Motorcycling

Mon, 03/19/2012 - 10:31 -- darryl

Although I grew up in the 70s in Southern California, I was never into cars or motorcycles.  Sure, I got my license the day I turned 16, but that was necessary just to get around The Valley and LA.  When I started learning and working in computers, I met and befriended Rick, an older guy (like, about 5 years older!) who introduced me to motorcycles, and not just motorcycles, but BMW motorcycles, and eventually I owned one.  I have been in love with motorcycling ever since. 

Rick also gave me my first vintage BMW.  It was a pile of parts, and I didn't do anything with it for about 10 years, but when I did, I found a whole new fascination.  Now I am heavily involved with the Vintage BMW Motorcycle Owners club and am getting ready to participate in the Motorcycle Cannonball run from Daytona Beach, FL to Tacoma, WA on pre 1937 bikes in September of 2014. 

 

 

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I got my start in motorcycling around 1978. At the time I was out on my own and single, working at a good job and going to school at nights. Rick, an older friend, owned a Suzuki GS650 and I would occasionally get a ride. Then he bought a Yamaha 175 Enduro, and it seemed expedient to get a motorcycle learner's permit. Eventually I used the 175 to get my endorsement, and I was on my way.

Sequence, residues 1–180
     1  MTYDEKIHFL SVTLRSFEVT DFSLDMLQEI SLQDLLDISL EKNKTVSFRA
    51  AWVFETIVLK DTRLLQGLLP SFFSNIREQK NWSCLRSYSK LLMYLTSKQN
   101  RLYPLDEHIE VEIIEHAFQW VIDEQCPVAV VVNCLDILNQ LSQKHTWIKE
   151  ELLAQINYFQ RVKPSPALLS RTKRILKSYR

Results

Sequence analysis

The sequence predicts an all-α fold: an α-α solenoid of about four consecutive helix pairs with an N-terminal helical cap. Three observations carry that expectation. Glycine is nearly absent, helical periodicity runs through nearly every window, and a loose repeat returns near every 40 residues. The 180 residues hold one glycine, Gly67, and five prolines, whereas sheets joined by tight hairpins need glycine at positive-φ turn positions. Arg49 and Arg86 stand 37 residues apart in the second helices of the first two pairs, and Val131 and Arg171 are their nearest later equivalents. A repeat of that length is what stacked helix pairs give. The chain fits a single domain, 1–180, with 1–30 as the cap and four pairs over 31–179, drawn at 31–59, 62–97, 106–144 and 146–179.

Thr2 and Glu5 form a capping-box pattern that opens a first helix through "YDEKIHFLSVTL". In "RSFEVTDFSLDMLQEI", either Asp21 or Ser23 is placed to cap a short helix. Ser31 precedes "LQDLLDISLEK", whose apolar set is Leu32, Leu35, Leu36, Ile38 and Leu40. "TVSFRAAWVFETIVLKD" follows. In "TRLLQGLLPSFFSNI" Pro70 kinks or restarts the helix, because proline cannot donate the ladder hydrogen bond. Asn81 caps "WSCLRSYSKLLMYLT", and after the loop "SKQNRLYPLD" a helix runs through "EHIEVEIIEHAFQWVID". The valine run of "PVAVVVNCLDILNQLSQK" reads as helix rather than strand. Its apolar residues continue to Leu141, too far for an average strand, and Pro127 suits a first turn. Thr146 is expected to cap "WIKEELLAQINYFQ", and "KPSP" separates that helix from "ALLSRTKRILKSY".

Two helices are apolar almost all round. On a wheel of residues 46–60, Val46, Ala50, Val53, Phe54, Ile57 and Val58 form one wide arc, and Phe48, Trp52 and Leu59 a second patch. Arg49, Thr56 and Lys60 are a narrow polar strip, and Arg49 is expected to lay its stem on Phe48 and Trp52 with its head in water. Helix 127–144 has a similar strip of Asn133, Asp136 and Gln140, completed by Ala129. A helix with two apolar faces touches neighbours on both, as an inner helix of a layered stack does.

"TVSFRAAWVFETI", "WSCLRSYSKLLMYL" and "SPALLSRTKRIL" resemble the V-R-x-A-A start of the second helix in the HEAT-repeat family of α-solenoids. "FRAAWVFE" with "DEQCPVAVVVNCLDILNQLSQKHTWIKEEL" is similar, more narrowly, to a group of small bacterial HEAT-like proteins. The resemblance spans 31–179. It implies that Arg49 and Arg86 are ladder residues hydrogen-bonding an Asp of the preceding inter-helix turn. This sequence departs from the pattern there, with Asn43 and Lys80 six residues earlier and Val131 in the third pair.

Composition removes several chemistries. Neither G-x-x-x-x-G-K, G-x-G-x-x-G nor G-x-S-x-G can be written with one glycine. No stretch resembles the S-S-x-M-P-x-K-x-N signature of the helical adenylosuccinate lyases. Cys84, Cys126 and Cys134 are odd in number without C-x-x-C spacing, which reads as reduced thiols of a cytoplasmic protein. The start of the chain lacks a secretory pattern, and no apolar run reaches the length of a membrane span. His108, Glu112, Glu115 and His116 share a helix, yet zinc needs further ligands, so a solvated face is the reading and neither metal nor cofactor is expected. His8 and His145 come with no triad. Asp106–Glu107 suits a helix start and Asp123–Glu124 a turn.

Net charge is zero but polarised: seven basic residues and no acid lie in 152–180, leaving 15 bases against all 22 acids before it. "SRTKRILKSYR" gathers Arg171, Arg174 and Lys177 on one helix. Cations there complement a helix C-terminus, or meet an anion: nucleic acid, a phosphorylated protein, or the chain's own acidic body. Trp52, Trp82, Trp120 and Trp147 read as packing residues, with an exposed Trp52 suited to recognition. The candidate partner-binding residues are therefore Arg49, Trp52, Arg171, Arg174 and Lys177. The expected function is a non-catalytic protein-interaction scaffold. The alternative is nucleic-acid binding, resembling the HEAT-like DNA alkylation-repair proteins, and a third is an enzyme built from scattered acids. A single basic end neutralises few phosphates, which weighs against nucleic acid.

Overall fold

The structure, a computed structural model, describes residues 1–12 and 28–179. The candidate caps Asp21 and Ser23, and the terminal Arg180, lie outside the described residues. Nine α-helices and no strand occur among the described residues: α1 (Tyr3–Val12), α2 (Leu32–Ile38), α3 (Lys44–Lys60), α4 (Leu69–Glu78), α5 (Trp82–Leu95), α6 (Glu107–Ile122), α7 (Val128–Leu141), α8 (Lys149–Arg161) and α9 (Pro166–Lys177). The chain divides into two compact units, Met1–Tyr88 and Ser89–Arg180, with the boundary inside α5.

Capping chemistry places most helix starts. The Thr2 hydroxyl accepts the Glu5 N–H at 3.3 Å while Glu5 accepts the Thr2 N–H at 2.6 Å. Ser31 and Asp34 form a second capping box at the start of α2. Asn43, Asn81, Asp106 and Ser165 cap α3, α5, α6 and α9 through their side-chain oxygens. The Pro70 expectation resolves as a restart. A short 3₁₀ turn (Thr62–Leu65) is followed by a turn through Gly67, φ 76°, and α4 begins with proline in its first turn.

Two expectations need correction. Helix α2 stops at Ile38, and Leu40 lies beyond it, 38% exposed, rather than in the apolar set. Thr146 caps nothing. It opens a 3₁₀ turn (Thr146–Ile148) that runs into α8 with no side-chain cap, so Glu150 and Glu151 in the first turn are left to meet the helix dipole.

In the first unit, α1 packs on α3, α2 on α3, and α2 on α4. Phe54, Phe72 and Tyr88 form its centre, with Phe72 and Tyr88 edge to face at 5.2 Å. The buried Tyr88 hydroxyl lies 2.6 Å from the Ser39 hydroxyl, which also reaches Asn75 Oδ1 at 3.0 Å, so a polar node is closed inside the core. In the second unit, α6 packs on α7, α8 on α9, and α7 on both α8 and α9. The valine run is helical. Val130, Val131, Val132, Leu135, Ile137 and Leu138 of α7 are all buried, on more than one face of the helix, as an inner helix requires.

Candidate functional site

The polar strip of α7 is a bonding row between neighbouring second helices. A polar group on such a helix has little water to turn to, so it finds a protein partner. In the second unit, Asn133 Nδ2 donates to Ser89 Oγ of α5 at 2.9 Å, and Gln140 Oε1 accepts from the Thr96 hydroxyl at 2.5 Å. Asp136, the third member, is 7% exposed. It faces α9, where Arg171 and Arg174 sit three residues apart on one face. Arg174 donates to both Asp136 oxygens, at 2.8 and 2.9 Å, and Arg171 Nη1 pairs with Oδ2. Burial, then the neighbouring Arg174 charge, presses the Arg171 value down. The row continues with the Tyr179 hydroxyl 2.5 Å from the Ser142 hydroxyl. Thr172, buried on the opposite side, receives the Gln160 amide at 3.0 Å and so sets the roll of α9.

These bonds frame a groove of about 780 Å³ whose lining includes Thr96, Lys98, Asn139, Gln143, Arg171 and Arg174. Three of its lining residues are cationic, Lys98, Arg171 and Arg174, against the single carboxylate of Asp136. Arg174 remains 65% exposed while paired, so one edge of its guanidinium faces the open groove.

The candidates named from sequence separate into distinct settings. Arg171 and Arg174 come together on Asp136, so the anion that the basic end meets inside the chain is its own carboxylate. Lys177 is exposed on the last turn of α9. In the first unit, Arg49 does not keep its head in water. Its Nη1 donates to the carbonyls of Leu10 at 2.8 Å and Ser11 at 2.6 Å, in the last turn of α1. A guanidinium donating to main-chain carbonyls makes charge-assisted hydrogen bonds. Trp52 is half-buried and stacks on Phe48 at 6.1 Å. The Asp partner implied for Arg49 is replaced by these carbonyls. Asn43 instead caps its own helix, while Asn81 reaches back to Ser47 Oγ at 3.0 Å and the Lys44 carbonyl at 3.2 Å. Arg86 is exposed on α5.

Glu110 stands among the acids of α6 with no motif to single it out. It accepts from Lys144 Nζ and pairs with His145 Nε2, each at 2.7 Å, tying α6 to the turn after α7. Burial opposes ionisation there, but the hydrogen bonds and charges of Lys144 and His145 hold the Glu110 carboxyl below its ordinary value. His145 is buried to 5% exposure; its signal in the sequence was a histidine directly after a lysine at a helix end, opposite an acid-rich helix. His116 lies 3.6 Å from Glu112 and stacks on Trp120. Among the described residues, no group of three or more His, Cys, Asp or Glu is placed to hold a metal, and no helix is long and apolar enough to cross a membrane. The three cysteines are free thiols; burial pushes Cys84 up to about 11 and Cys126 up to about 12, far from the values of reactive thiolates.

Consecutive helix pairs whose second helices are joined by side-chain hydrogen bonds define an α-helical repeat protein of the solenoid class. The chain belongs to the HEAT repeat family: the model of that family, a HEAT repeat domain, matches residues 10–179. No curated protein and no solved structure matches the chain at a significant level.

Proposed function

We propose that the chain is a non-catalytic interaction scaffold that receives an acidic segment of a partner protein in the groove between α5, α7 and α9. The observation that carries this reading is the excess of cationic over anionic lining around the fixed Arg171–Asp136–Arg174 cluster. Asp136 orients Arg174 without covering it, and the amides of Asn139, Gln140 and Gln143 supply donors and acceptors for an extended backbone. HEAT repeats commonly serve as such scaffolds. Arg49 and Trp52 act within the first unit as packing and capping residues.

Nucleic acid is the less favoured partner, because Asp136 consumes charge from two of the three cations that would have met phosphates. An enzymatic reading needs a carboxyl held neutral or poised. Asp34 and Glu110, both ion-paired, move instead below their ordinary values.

The changeover to the /5 series of motorcycles in 1970 was a watershed for BMW. Not since the introduction of the R5 in 1936 had they so completely redesigned nearly every aspect of the bikes in their lineup. The entirely new motor for 1970 had plain bearings oiled by a high pressure system that also pushed that oil through a modern pleated paper filter. All previous motors had used roller bearings for the crank- and camshafts, low pressure oiling systems, and some form of filtering that is generally refered to as a slinger.
So. You're headed off to the Trinity Alps in northern California for 4 days of blissfull corner strafing on the tight, technical curves up there. You look at your tires and think, "yeah, I've got a couple thou left in them."